To address the security limitations of FTP, the people developing the protocol incorporated a couple of security features in later versions. The result was FTPS. FTPS connections are protected by SSL/TLS (Secure Sockets Layer or Transport Layer Security). SSL/TLS addresses confidentiality and authentication issues through data-in-motion encryption and digital certificates/signatures respectively.
Like FTPS, SFTP also has the ability to establish confidentiality and authentication. But while FTPS relies on SSL/TLS for security, SFTP relies on SSH (Secure Shell), the same protocol used for secure remote logins.
Both FTPS and SFTP can be very secure. However, like FTP, they're really general-purpose file transfer protocols. Business transactions usually require a couple more functions. For instance, when you carry out a transaction, you'll usually want it supported by some form of receipt. Neither FTPS nor SFTP are capable of providing that.
That's where specialized file transfer protocols can come into play. One protocol that already comes with an electronic receipt is AS2 (Applicability Statement 2). AS2 provides digitally signed electronic receipts through what are known as MDNs or Message Disposition Notifications.
Actually, AS2 was specifically created for Electronic Data Interchange. Because it runs on HTTPS, which is protected by SSL/TLS, AS2 offers the same security features as FTPS but with the added benefit of an MDN.
Another protocol that's closely associated with EDI is OFTP or the Odette File Transfer Protocol. Like AS2, OFTP was purposely built for businesses. In other words, it's also capable of providing digitally signed electronic delivery receipts.
So which one is more suited for EDI? AS2 or OFTP? When choosing between the two, it usually depends on your industry and geographical location. OFTP is more common in Europe, especially in the auto industry. On the other hand, if your transactions are going to be in the US, then AS2 would be the better choice. AS2 is the de facto standard for EDI transactions in the US.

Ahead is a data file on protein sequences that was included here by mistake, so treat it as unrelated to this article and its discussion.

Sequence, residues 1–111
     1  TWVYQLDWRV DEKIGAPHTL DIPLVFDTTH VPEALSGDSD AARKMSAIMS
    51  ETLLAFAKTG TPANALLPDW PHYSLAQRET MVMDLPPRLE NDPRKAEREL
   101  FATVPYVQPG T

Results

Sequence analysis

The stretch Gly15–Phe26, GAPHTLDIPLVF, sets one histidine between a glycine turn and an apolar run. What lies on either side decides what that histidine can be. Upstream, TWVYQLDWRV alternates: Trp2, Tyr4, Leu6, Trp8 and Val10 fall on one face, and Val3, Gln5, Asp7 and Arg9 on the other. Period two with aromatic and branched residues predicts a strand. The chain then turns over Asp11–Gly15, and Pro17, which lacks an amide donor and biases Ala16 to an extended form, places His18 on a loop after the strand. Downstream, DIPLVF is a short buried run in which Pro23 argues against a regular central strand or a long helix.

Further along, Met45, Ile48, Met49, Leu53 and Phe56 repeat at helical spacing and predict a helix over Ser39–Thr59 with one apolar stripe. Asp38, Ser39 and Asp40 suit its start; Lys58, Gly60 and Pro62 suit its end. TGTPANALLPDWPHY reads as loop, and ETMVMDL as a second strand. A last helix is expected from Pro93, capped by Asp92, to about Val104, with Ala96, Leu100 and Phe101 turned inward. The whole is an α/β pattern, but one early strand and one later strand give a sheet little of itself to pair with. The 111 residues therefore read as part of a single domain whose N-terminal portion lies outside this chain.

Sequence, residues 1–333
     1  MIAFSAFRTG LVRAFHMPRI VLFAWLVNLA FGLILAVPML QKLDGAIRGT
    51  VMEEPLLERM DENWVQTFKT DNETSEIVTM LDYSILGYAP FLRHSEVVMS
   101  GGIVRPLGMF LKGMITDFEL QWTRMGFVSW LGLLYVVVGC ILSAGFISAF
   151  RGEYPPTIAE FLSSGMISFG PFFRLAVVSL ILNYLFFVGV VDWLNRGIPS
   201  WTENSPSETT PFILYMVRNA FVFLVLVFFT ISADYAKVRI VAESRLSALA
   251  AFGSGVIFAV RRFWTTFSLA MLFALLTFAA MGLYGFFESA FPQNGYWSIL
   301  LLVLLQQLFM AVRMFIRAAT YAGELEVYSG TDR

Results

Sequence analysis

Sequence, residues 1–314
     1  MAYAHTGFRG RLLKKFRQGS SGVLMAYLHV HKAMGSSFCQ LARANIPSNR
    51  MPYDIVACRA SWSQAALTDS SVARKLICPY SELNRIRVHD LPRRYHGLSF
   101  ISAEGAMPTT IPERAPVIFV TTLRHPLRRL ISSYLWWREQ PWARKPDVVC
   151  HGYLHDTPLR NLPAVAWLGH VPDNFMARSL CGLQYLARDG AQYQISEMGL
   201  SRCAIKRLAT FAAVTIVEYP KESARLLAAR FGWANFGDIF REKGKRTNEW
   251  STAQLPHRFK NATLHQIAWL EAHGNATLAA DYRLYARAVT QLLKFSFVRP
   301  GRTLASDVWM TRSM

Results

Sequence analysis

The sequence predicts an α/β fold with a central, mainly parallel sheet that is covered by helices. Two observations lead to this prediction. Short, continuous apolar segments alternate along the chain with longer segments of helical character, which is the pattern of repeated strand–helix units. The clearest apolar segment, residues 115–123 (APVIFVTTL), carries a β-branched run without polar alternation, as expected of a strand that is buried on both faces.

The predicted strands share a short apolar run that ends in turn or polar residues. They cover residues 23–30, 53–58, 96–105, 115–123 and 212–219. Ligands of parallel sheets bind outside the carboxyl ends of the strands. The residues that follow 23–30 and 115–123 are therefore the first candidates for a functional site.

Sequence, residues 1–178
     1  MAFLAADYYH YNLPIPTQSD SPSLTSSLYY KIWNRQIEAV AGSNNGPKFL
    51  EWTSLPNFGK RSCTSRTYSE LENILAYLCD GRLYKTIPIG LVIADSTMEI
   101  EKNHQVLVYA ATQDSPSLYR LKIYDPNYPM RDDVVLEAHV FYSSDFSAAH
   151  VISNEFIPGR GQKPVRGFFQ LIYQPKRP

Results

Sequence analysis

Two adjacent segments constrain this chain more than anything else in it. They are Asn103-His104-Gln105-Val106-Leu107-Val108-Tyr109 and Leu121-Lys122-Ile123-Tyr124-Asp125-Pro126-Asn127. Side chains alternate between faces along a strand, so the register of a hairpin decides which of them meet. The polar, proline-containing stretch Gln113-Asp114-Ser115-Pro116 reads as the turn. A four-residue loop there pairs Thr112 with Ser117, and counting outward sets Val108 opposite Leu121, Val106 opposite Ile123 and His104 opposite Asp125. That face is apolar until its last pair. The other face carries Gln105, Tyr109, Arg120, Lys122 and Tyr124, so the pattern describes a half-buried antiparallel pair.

There may of course be instances when you'll need both, like if you're an electronics company supplying components/parts for car companies as well as other manufacturers.
The problem with direct connections
Using direct connections for your EDI transactions can help you save on costs. It will also allow you to have more control of your data. Perhaps the biggest problem is that you'll have to deploy several file transfer services. If you have multiple trading partners and they're not using the same transmission protocol, then you'll need to install a server for each required protocol.
That can obviously complicate matters.
Connecting directly with a MFT server
One way to address this problem is by using a managed file transfer server . An MFT server supports multiple protocols. JSCAPE MFT Server, for instance, supports all major protocols used in EDI transmissions, including FTP, SFTP, FTPS, AS2, and OFTP. It even supports other protocols like HTTP, HTTPS, WebDAV, and AFTP.
MFT servers likewise have built-in features for automation and other security functions.
By using a single solution for transacting with all your trading partners, you can greatly simplify B2B integration and security, improve transaction visibility and control, and reduce overall costs.
Would you like to try a managed file transfer server for free? JSCAPE MFT Server comes with a FREE, fully-functional evaluation edition. To try it out, just click the download button below.